Smith’s final stat line: 92 shots faced, 92 saves made, and 176:30 minutes of shutout hockey — just short of three full games’ worth. Wayne Gretzky’s goal-scoring in 1981-82 isn’t the only virtually unbreakable NHL record that ended up at 92.

Speaking of whom …

Farthest Distance Stickhandled to Deke Out Wayne Gretzky: 100 feet

What are you doing, Patrick?

Fewest Goals Allowed in a Loss: 0

An NHL goalie is credited with a loss when he’s the goalie of record when the winning goal is scored against him. In theory, that makes it pretty darn difficult to lose a game without, you know, giving up a goal. Difficult, yes, but not impossible, as a guy named Mike Murphy proved in 2011.

Murphy is still an active player, most recently seen plying his trade in Austria. But at this point, he has only two career NHL games on his résumé. Here’s what his career stats line looks like:

https://grantland.com/wp-content/uploads/2014/10/murphy_stats.jpg?w=694

That’s right: Murphy has never allowed a goal in the big leagues, and yet is somehow the proud owner of an NHL loss.1 I’ll pause here to give you a second to figure out how that’s even possible.


1.

Grab Bag readers already know all this, since it earned Murphy “Obscure Player of the Week” honors last year.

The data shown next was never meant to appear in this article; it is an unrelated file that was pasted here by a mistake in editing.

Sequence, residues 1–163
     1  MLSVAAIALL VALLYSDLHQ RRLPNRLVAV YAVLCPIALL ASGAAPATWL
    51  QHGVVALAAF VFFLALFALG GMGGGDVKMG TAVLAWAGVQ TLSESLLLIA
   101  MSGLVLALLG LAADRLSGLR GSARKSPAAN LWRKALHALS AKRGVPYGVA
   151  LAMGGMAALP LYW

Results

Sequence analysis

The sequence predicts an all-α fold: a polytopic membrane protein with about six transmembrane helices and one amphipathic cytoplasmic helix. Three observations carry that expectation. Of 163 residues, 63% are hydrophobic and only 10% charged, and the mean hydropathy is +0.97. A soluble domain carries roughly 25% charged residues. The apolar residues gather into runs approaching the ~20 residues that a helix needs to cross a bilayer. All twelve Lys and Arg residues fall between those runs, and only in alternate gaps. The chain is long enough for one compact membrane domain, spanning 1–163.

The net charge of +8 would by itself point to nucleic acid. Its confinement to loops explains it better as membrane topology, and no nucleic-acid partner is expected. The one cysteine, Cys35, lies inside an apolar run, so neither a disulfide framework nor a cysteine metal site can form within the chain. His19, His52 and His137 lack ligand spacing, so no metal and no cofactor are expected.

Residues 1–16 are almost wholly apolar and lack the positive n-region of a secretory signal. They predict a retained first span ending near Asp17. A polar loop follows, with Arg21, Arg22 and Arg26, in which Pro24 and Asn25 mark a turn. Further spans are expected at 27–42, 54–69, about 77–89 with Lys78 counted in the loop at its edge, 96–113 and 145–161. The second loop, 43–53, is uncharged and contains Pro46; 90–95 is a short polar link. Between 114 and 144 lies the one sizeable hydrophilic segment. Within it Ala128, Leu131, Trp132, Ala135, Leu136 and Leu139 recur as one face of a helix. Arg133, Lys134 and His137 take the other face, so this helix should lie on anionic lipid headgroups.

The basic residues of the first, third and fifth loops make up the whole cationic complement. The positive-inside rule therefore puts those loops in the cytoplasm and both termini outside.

Here’s how it went down: During a game against the Flames on December 6, 2011,2 Carolina starter Cam Ward gave up six goals before being pulled in the third period. Murphy, the backup that night, went in to mop up with his team down 6-3. The Hurricanes scored to trim the deficit to two goals, and it stayed that way until the team pulled Murphy for an extra attacker in the dying minutes. It didn’t work; the Flames scored into the empty net to make it 7-4 and ice the game.


2.

That’s right, the exact same day that Hackett made his debut. This means something. I have no idea what.

So far, so good. But then the Hurricanes scored two goals in the final minute to make things interesting. It was too little, too late, and the Flames won the game by a final score of 7-6. But because of the comeback, that seventh Flames goal — the one scored into an empty net — ended up being the winner. And because Murphy was the goalie of record at the time, he took the loss, even though he wasn’t on the ice.